Evidence Soup
How to find, use, and explain evidence.

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Friday, 28 August 2009

Is the evidence-based management movement dead?

I hope not, but there are many obstacles. Richard Puyt explored this question today on his blog Evidence-Based Management | Skeptical Thinking. He observes that "in management we are still in the middle ages of science, where the alchemists still try to make gold from lead. And by alchemists I mean all types of managers (managers, consultants, coaches, interim-managers, project managers, etc.). One of the reasons why managers still make decisions based on anecdotal evidence, gut feeling or a whim is the fact that management is not a profession.... Management is still treated as a 'skill' and if you have a better story than the next guy, you just found yourself a new career." Puyt makes some good points, concluding that "The Evidence Based Management movement is still there, but progress is really slow. Most developments are exchanged in closed communities and you really have to make an effort to dig up new information and stay in the loop of recent developments."

Here's my quick take on this: The Evidence Soup Guide to Keeping the Evidence-Based Movement Alive.

Part I. How to kill the EBM movement. If people do these things, we'll be writing an obituary:

  1. Frown on new evidence. Develop an environment where people are discouraged from challenging tradition, scrutinizing old habits, or asking tough questions. 
  2. Oversimplify things that are tremendously complicated. Insist on clearly delineating which decisions are evidence-based, and which are not. Doggedly pursue a set of formal rules for determining precisely whose actions are evidence-based, and whose are not.
  3. Make evidence exclusive. Behave as if certain insiders (or groups) are the keepers of the evidence, and the rest of us (outsiders) had better sit up straight and pay attention.

Part II. How to pump more life into the EBM movement. Here's how we can nudge EBM into the mainstream:

  1. Avoid painting all fuzzy stuff with the same brush. Resist the urge to divide the world into two distinct hemispheres: One where all things are evidence-based, and one where people are just plain wrong. It's not that simple, and we should know better.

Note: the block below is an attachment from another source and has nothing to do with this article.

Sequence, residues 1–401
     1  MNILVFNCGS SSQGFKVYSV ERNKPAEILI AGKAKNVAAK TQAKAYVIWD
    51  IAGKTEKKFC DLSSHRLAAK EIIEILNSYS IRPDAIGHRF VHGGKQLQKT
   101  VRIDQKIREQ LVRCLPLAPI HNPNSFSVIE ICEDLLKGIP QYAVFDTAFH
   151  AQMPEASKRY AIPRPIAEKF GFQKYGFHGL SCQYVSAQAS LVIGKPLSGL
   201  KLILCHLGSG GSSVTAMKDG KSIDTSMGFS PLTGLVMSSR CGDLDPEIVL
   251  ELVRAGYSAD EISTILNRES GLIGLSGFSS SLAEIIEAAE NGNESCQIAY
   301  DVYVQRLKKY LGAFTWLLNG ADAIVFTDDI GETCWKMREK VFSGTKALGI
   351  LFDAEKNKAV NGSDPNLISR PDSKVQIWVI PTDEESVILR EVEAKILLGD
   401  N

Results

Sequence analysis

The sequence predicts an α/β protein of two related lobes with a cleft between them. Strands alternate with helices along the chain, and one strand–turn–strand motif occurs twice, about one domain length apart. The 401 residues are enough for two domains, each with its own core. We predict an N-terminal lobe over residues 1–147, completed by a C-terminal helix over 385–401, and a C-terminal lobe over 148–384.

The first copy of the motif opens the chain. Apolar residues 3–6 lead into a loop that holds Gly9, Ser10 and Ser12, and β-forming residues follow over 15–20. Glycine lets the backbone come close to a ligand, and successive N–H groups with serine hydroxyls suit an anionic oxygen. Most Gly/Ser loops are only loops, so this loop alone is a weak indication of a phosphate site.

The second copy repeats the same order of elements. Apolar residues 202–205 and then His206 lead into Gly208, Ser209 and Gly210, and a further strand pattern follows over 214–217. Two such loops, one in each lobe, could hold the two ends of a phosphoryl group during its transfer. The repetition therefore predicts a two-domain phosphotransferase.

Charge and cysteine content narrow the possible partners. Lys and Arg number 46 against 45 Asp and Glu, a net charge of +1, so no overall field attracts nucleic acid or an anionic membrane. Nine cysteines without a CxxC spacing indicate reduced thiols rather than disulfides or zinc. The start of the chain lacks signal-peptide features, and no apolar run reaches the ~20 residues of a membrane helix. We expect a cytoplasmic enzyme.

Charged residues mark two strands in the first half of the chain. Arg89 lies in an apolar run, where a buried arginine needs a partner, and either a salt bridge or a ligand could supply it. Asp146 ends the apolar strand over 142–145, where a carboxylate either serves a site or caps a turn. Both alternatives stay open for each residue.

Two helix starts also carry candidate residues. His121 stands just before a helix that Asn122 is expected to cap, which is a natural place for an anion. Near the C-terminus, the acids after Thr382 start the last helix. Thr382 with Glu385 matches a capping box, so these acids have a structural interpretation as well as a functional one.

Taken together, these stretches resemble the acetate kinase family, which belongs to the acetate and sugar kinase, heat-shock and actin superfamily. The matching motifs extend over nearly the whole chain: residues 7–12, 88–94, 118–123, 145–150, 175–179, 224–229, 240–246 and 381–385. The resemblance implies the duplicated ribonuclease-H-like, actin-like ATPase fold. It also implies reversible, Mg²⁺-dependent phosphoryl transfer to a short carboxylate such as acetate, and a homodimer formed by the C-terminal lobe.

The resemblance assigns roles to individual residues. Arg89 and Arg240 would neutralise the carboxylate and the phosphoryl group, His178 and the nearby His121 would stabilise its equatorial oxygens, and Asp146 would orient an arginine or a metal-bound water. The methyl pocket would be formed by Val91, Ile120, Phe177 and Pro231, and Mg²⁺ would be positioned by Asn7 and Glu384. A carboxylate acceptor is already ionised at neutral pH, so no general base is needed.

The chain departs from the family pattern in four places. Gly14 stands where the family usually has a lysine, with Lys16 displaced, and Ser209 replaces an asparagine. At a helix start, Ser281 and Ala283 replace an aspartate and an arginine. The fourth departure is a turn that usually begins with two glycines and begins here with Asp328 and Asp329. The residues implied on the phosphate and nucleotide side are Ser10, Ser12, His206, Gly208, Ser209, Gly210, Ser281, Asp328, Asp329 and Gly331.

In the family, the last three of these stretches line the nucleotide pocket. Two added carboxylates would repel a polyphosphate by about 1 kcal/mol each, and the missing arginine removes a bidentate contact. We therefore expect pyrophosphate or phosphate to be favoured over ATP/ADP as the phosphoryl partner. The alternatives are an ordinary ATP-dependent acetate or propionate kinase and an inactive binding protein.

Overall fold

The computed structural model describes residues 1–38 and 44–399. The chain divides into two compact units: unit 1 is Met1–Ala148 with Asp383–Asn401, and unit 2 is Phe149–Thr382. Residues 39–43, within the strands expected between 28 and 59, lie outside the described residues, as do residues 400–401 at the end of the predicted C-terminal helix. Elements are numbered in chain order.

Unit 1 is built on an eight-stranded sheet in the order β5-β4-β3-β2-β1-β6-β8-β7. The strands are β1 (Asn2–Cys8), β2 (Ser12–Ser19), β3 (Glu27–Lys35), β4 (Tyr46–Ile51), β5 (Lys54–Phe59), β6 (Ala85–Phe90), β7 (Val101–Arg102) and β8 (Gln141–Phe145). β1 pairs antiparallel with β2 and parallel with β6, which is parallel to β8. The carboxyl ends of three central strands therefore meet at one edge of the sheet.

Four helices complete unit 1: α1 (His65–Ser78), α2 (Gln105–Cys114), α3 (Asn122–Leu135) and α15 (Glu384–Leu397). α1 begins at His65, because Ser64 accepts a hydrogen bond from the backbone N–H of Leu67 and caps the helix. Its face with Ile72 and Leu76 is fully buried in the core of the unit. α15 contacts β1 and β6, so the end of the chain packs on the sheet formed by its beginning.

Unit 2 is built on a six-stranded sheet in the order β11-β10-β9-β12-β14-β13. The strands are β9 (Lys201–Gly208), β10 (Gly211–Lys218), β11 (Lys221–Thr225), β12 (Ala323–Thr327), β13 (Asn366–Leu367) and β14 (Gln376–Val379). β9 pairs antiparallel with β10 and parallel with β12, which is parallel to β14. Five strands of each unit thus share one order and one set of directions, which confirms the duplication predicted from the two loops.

2. Accept that we often lack good evidence. It's better to openly acknowledge where solid evidence is missing than to pretend. It sends the wrong message when we try to force-fit or stretch uninteresting evidence where there is none.
  3. Set a good example. Encourage people to do things that are evidence-guided (or evidence-informed) every day, to the best of their ability. Create a corporate culture where its okay to ask intelligent questions that challenge authority, myth, and tradition.
  4. Use smarter technology. Find better ways to distribute more good evidence to more people. Make evidence easier to interpret so people can appreciate its value and apply it more easily.

Comments

Tracy;
I've been think about the health of the movement in response to your post and I'm still surprised by the lack of EBMgmt discussions and how the movement does not seem to be gaining much traction. I re-looked at the Rousseau - Learmonth and the Van De Van, Johnson - McKelvey discussions for potential reasons why. (both are in Academy of Management vol31 #4, 2006). Here's my take after reading them:
(1) Cognitive, Translation and Synthesis Problems One, just like the example Rousseau gave in her Presidential Address, there are too many different concerns and issues floating about. We need the field to be more organized so people can get a better cognitive handle on what's important. Also, I'm not sure peer review is the best strategy. When I did my dissertation, doing something exciting took a back seat to doing something bounded and do-able. I can't imagine someone whose publishing for tenure doing anything more than incremental and that does not translate well for cognitive translation reasons. We need a synthesis strategy.
Possible response - A EBMgmt wiki See my 7-31 post on scientific publishing at howardjohnson.edublogs.org
(2) Belief problems - Henry Mintzberg believes that managers are trained by experience and MBA programs should be shut down. (3-26-09 Harvard Business Ideacast) He says that universities are good for that scientific management stuff, but implies that science is only a small part (it's mostly tacit stuff). All my previously mentioned discussions noted that managers and consultant do not read the scientific literature. Part of the problem is communication (see #1), but part is current management paradigms that include little science.
Possible response - Far be it from me to suggest how to deal with paradigm change.
(3) Philosophical Problems - If EBMmgt is to succeed, it must be presented as a post-positivist formulation. Taken at face value, it seems positivist; and positivism has been so thoroughly critiqued that I could see where many people would dismiss it out of hand. Part of my thing is trying to be post-positivist, without throwing out the baby with the bath water. Rousseau tries to mollify Learmonth's concern that touches on this area, she sees some issue, but I don't see understanding. A positivist outlook will only lead you in circles.
Possible response - It's much like your previous post, you need "both and" thinking, not "either or" thinking. EBMgmt must be an art and a science. This is how I understand the validity issue that I've mentioned to you before. I use Messick's validity as a model for post-positivist science. It's also important because measurement is the heart of science.
I would love your thoughts

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